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Bridging Boundaries through Regional Marine Research LINKING LOCAL AND GLOBAL SCALES Multidisciplinary research on ecosystem processes (e.g., biogeochemical fluxes, nutrient cycling, and trophic dynamics) is typically limited in duration and spatial coverage. Although satellites have provided observations of oceanic variables (e.g., sea surface temperature, surface waves and currents, and ocean color) at a global scale, the properties that can be measured are typically limited to the ocean surface and the resolution is generally not sufficient for local studies in near-shore regions. Rarely do we ask the question: what are the largest and smallest scales that must be observed to capture most of the variance of the properties of interest (Powell, 1989)? Regional marine research and monitoring provide the means to bridge the gap between local process studies and global-scale observations. Large spatial scales tend to be associated with long time scales and greater ecological complexity, and small scales tend to be associated with short time scales and less ecological complexity (Malone and Botsford, 1998). Even when events or processes must be studied at one spatial scale, their effects propagate to influence outcomes of societal importance on smaller and larger scales. For example, the process by which a larval fish finds its first meal occurs within a volume encompassing cubic millimeters to centimeters, requiring the analysis of small-scale distributions of larvae and potential food. Yet, such studies of the interactions of small-scale physical and biological processes and their effects on the feeding success of larval fish are important in understanding and predicting the success or failure of a year-class of fish, the large-scale result of utmost importance to society. Conversely, El Niño is a basin to global-scale event. Although monthly water temperatures measured at a single Pacific coastal station may yield a good temporal record of local trends, understanding the El Niño phenomenon requires large-scale observations of water temperatures and ocean-atmospheric interactions in the tropical Pacific Ocean. Small-scale, process-oriented experiments and observations need to be embedded in, and integrated with, large-scale monitoring. The value of many studies has been limited by the lack of integration between small- and large-scale processes. Although prediction is fundamental to understanding interactions and exchanges within and among coastal ecosystems, little progress has been made in predicting change and variability across scales of time, space, or ecological complexity (Nixon, 1996). Linking local events to global-scale environmental changes will provide a powerful tool for resource managers, policymakers, and the public in preparing for future management challenges. Examples include the prediction and mitigation of natural hazards, and the contribution of longer time-scale climate variability such as the ocean-atmospheric event, El Niño-Southern Oscillation (ENSO). The scientific and management communities have long recognized the dominant forcings of coastal ecosystems and the general nature of coastal ecosystem dynamics that define indicators of change (Table 1-1).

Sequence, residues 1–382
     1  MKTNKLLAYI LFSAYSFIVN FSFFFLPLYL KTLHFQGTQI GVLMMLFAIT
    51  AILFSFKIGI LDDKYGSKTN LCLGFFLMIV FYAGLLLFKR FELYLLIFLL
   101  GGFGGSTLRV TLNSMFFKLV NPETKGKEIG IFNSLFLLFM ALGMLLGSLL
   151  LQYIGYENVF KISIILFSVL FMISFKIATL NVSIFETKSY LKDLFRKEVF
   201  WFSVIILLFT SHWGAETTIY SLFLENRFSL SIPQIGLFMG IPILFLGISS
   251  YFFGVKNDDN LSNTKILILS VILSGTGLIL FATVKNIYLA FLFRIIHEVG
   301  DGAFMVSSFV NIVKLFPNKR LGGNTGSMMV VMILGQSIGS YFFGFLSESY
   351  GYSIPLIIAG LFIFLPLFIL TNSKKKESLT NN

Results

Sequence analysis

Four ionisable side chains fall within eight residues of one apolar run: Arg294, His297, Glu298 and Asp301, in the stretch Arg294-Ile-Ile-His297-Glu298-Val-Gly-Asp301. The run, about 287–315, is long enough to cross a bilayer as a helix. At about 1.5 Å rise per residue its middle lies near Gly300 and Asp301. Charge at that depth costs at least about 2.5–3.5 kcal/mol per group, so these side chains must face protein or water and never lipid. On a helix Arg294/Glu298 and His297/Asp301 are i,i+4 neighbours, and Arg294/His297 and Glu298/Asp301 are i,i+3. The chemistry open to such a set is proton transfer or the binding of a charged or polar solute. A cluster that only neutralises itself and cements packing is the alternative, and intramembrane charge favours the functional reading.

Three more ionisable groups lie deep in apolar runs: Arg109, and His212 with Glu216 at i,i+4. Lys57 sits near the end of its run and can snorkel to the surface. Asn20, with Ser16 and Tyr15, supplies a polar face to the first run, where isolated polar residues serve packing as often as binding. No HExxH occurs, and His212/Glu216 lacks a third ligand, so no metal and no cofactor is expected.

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Bridging Boundaries through Regional Marine Research However, a major barrier to the goals of predicting environmental changes and assessing consequences of these changes is the scarcity of observations of coastal ecosystems of sufficient duration, spatial extent, and resolution. Knowledge, both theoretical and empirical, concerning the propagation of variability across scales, through and between coastal ecosystems, is also lacking. Realistically, there are too many coastal ecosystems, too few resources, and too little time to evaluate the causes and consequences of environmental change in each system. Hence, prediction will be an important tool for extrapolating results, for testing hypotheses, and for developing theories that can be applied to a broad range of systems with sufficient certainty to be credible. Regional marine research and the comparative analysis of selected ecosystems in a regional context will be critical to the development of a predictive understanding of environmental variability in the coastal zone. RESEARCH IN THE CONTEXT OF SUSTAINED OBSERVATIONS Hypothesis-driven, or question-oriented, studies designed to reveal the mechanisms underlying environmental processes are especially valuable when done in the context of sustained, long-term observations. Monitoring provides the information needed to develop, test, and refine environmental models and therefore is an integral component of regional research programs. Comparative studies are important in the development of useful empirical theories, but unless they explicitly include the influences of larger-scale processes and events on the ecosystems being compared, such comparisons will be of limited value. It has become increasingly clear that interannual and interdecadal variability in coastal ecosystems, associated with ocean basin or global atmosphere-land-ocean interactions, is part of the natural, variable baseline for short-term field studies and predictive models. Whether this variability is viewed as consisting of events, cycles, regime shifts, or a long-term trend, it must be taken into account, particularly if the effects of natural perturbations and anthropogenic stress are to be resolved (for the purpose of mitigation, litigation, or costly remediation and restoration). Similarly, the results of a regional program of finite length may be used to make managerial decisions, policies, or regulations of greater lifetime. The assurance with which this should be done depends not only on the quality and completeness of the research in the program itself, but also on understanding of the larger-scale climatic state within which the program was conducted. The importance of research in the context of sustained observations (i.e., long-term monitoring) is illustrated by three examples, one concerning the regional effects of large-scale meteorological events on Chesapeake Bay and two concerning fisheries management on the west coast. The Chesapeake Bay case illustrates the impacts of unpredictable events. The fisheries examples illustrate the importance of the interplay between observations and the development of theory. All three are cases of ongoing studies in which coupled biological-physi-